Richard Baxter, a priest born in 1615, wrote about the sin of gluttony and says the causes are both excess and "Or else it may be an excess in the delicious quantity, when more regard is had to the delight and sweetness than is fit."
January 1, 1673
Directions for Governing the Appetite Or, Directions against Gluttony
I. Gluttony is a voluntary excess in eating, for the pleasing of the appetite, or some other carnal end.
(1.) It is sometimes an excess in quantity, when more is eaten than is fit.
(2.) Or else it may be an excess in the delicious quantity, when more regard is had to the delight and sweetness than is fit.
(3.) Or it may be an excess in the frequency or length of eating; when men eat too often, and sit at it too long.
(4.) It may be an excess in the costliness or price; when men feed themselves at too high rates.
Common gluttony is when it is done for the pleasing of the appetite, with such a pleasure, as is no help to health or duty, but usually a hurt to body or soul; the body being hurt by the excess, the soul is hurt by the inordinate pleasure.
Yes, it is a kind of gluttony and excess, when men will not fast or abstain when they are required, from that which at other times they may use with temperance and without blame. If a man is accustomed to not eat excessively nor deliciously, yet if he will not abstain from his temperate diet, either at a public fast, or when his lust requires him to take down his body, or when his physician would diet him for his health, and his disease else would be increased by what he eats—this is an inordinate eating and excess to that person, at that time. Or if the delight that the appetite has in one sort of food, which is hurtful to the body, prevails against reason and health so with the person that he will not forbear it, it is a degree of gluttony, though for quantity and quality it is in itself but ordinary.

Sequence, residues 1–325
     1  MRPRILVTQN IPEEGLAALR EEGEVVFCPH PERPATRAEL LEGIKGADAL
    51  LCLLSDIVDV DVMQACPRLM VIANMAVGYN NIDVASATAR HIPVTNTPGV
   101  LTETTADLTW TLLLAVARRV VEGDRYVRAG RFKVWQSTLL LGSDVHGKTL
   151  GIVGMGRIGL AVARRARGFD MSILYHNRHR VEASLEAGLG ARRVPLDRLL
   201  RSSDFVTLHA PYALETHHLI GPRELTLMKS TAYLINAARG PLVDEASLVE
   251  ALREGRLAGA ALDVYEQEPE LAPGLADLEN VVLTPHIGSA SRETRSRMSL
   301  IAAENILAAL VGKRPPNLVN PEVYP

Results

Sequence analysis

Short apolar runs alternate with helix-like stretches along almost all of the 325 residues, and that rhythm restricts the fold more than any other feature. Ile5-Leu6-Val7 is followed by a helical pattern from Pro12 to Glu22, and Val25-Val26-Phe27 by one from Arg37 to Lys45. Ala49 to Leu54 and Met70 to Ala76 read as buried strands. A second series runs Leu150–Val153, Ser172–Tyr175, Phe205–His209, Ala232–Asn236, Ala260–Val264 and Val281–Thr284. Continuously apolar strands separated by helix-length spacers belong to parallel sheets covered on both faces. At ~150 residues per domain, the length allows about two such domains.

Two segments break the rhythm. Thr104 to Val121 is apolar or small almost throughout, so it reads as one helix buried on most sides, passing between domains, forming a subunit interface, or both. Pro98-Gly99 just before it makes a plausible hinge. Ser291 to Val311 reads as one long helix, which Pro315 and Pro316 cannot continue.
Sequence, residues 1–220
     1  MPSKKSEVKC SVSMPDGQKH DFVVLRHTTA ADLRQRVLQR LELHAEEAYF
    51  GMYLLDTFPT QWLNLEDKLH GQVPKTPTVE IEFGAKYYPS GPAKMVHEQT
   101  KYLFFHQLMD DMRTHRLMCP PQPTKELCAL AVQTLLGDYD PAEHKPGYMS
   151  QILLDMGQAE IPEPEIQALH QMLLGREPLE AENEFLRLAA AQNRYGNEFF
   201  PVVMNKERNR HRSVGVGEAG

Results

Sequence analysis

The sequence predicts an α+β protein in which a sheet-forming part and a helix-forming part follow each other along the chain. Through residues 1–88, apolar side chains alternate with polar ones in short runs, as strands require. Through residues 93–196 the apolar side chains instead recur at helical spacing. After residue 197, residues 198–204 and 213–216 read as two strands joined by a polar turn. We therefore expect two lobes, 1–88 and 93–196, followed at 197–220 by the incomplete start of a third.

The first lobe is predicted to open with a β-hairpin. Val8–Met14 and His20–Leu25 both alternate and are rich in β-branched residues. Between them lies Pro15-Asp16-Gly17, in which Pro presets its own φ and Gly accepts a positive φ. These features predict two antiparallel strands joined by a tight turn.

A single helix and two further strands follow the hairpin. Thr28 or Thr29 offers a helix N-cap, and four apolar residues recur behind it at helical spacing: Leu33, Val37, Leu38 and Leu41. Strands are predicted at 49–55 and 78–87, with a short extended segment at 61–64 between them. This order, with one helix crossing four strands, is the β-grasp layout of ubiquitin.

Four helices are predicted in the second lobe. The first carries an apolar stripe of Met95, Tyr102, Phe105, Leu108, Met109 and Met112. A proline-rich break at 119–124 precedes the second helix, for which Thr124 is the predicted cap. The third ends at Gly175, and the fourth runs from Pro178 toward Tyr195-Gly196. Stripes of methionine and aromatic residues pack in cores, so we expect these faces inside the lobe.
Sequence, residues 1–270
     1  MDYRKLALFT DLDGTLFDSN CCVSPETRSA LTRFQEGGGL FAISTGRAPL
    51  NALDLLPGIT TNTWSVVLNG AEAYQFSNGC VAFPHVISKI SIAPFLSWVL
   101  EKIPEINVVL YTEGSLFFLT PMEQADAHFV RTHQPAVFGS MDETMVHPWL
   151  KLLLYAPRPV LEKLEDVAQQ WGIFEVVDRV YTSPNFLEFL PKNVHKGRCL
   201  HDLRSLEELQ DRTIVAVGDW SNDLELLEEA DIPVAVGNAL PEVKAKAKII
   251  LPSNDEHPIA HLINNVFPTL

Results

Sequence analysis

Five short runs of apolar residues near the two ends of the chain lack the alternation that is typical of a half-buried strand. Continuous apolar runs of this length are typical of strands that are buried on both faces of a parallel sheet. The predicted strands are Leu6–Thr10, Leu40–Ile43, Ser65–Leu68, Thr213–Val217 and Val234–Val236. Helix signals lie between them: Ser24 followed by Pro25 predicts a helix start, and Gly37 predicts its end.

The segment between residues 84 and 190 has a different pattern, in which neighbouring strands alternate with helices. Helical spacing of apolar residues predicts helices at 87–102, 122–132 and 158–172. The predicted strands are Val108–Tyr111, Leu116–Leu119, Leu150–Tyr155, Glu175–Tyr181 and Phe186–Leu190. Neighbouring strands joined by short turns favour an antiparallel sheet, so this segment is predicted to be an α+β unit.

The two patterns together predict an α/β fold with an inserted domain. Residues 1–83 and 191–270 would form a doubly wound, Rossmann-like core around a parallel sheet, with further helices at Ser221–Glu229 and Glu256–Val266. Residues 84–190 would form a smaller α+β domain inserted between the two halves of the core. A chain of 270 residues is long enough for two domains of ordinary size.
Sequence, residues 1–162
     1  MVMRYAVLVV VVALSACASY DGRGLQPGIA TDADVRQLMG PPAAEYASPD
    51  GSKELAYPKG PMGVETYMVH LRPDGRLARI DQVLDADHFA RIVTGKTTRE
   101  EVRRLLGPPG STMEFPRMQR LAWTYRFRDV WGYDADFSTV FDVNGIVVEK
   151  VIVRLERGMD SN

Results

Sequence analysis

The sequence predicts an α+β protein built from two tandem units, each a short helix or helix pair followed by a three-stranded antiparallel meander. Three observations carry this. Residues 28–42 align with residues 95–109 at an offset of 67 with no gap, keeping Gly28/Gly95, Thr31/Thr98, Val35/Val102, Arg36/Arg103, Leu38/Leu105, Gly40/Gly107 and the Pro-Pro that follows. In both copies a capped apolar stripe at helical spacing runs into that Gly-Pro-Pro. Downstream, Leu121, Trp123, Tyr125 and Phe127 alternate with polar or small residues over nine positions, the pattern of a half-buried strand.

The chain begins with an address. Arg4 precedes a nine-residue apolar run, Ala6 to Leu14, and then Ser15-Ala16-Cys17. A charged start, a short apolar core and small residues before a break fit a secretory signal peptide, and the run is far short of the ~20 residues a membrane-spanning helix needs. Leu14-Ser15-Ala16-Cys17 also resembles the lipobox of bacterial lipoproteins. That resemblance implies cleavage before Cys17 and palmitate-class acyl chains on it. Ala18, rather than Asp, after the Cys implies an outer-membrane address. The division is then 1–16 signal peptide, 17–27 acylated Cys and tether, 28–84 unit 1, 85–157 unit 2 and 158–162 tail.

By this you may see:
1. That it is not the same quantity which is an excess in one, which is in another. A laboring man may eat somewhat more than one that does not labor; and a strong and healthful body may eat more than the weak and sick. It must be an excess in quantity, as to that particular person at that time, which is, when to please his appetite he eats more than is profitable to his health or duty.
2. So also the frequency must be considered with the quality of the person; for one person may rationally eat a little and often, for his health; and another may luxuriously eat more often than is profitable to health. Ecclesiastes 10:16, 17, "Woe to you, O land, when your king is a child, and your princes eat in the morning. Blessed are you, O land, when your king is the son of nobles, and your princes eat in due season, for strength and not for drunkenness."
3. And in point of costliness, the same measure is not to be set to a prince and to a ploughman; that is luxurious excess in one, which may be temperance and frugality in another. But yet, excessive cost, which, all things considered, would do more good another way, is excess in whomever.
4. And in tastiness of diet a difference must be allowed: the happier healthful man need not be so particular as the sick; and the happy ploughman need not be so particular, as state and expectation somewhat require the noble and the rich to be.
5. And for length of time, though unnecessary sitting out time at table is a sin in any, yet the happy poor man is not obliged to spend all out so much this way, as the rich may do.
6. And it is not all delight in food, or pleasing the appetite, that is a sin; but only that which is made men's end, and not referred to a higher end; even when the delight itself does not tend to health, nor alacrity in duty, nor is used to that end, but to please the flesh and tempt unto excess.